You have just purchased the latest Super Mario game for the 3DS. It is beautifully packaged, with a stellar cover art and just the feel of the latest game in your hands is elating you somewhat. Naturally you have brushed over the £39.99 (it isn’t £40! This makes it good!) price tag to take it to the till. On average you will probably finish the game in a few days and that will be that, another box on the shelf to pick up dust but hey, at least the 3DS is getting its money’s worth. But, wait a second. Money’s worth? You shelled out a rather whopping £150 for the device in the first place! With every game, the cost of the swanky Nintendo 3DS just escalates! The same can be said for the PS Vita, although the pricing there is even more dire. Releasing a ‘Wi-Fi’ and a ‘3G’ version, each with varying and heightening price ranges of course, is something best left to phones. As soon as I saw those two things I knew that this would be an even bigger rip-off than Xbox LIVE.

Anyway, I digress. So you get home and you pull out your iPhone (or whatever, let us not get technical) and discover that there is another free update for Angry Birds, the mobile game that has had 600 million downloads across its lifetime. Now, those figures are quite frankly, baffling. Putting it into context, the best selling video game series of all time is Mario, with 432.35 million sales. Now, I know what you are thinking, a ‘download’ and a ‘sale’ is kind of a different deal. Some of these downloads may only cost a £1, some may even be free, heaven forbid. However, for the sake of the argument they are in effect, the same thing and Mario, who is a household name all over the world and has been gallivanting about our screens since 1981 has less of these ‘sales’ than Angry Birds, a mobile phone game series.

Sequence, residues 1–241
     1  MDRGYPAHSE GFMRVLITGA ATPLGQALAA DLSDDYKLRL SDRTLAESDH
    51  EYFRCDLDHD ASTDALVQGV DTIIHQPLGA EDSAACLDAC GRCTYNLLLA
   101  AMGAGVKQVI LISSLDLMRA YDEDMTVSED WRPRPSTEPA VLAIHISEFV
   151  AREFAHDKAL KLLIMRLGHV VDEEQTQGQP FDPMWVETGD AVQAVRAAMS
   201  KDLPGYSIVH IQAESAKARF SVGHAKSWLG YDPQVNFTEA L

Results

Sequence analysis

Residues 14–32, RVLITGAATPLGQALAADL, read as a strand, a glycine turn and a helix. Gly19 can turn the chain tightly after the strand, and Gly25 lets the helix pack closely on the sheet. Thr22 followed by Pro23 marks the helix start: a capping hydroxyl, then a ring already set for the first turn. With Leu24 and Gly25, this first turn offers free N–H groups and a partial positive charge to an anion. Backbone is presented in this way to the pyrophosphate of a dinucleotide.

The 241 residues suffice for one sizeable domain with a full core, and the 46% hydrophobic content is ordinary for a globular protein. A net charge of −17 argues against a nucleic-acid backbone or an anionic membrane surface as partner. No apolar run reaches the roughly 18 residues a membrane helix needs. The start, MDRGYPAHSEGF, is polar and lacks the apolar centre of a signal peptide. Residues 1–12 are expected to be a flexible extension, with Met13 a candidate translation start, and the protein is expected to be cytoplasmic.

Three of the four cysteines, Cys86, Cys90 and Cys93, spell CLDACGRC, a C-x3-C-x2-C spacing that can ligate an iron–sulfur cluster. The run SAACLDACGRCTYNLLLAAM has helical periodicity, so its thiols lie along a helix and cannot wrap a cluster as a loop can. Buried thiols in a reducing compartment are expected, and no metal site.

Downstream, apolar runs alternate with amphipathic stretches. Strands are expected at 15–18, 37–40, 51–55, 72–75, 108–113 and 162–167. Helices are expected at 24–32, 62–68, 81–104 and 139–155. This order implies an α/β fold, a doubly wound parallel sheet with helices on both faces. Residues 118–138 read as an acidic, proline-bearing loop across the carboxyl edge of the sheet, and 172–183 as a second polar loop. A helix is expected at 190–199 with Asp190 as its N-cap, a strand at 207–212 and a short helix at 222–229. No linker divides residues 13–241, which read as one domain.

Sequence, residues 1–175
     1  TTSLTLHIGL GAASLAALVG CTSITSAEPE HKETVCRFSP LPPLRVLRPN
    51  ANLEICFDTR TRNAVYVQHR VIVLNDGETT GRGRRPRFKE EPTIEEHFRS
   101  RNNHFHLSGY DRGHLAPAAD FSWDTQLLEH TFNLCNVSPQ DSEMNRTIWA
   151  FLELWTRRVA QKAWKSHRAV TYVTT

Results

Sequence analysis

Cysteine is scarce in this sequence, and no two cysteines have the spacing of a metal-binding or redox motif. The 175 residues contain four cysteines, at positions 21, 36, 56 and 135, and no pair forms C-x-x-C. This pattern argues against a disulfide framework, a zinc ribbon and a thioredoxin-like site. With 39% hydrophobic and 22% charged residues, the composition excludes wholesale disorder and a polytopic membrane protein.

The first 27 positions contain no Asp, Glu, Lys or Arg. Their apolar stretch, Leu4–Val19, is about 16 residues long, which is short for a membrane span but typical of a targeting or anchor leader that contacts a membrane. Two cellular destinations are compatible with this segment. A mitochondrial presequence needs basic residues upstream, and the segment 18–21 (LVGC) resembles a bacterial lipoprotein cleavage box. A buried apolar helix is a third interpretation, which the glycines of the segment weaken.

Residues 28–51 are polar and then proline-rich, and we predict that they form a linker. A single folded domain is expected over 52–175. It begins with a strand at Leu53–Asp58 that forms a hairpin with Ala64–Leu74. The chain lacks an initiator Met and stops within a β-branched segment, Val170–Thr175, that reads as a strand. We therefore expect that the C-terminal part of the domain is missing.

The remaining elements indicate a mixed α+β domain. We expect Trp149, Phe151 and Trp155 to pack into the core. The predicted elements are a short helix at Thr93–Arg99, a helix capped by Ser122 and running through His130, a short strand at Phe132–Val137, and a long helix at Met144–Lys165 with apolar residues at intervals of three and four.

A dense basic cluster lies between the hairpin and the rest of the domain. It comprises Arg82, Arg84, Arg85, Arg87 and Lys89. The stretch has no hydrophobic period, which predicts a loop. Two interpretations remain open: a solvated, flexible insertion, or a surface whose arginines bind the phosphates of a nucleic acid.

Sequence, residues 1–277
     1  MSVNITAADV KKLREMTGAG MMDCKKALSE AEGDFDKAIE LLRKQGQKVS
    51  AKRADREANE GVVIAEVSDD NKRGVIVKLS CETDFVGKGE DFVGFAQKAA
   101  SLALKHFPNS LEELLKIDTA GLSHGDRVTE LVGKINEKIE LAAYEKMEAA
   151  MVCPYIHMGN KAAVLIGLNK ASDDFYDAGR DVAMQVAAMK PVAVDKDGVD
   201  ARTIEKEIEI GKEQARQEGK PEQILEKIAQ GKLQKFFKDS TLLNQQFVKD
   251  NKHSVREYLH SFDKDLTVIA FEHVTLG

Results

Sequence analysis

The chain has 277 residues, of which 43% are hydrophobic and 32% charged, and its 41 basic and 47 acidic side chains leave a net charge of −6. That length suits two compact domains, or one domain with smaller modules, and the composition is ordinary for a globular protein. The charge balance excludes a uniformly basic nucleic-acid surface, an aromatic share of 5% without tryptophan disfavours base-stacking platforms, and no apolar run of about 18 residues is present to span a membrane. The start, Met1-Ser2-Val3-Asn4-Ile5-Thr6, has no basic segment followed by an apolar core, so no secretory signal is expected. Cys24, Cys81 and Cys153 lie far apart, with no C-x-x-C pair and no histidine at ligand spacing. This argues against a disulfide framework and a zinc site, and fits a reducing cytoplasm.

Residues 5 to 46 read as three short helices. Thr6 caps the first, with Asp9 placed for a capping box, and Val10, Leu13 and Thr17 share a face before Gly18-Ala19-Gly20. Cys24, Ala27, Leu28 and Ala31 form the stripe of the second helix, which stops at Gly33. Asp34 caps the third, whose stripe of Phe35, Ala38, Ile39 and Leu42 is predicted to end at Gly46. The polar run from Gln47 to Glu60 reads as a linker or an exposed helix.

It all boils down to the fact that mobile developers have got it right. A lot of these game companies are stuck in the past and I think it is interesting to find that the two handheld companies are situated in Japan. Not that I am saying American owned Microsoft would be any better at this whatsoever, because honestly they would not (hey there is a reason people often substitute the ‘s’ in Microsoft with a dollar sign, catchy right?) but the Japanese game developers are also the ones who came under fire from former Capcom big shot Keiji Inafune for being too old fashioned about how they make games. I fear the same can be said about how they market their consoles as well. £300 for a handheld gaming console is utterly insane, especially in times of economic difficulty.

Why anyone would pay £30 – £40 for a retail game when they could get just as much fun, if not more, for barely anything on a mobile phone game is the reason handheld consoles appear to have a bleak future. Shigeru Miyamoto, creator of the Mario franchise has said that he enjoys the occasional Angry Birds punt, but when Nintendo claims to loathe the mobile platform because it is destroying their market, well, it is a two sided story. It is difficult to say the future of handheld gaming looks bad when the 3DS’ predecessor became the best selling gaming device of all time, eclipsing even the phenomenal PS2 but still, it only takes one bad generation to send everything into chaos…with the mobile phone market ever rapidly expanding, it would not surprise me to see people opting out of paying retail prices for games. The problem is, games have been that price since forever I can remember, so the issue is in the roots of gaming.

The solution is not a simple one by any means. Change the entire way gaming as an industry is run and risk losing out of profits? Or risk losing everything by giving way to the mobile market? ??

Who knows where the answer lies. Maybe in the near future, what with technology streaking leaps and bounds, something will come to knock mobile gaming off of its perpetual pedestal. Google Glasses, I am looking at you…though it is still a mobile device using Android technology. Oh boy.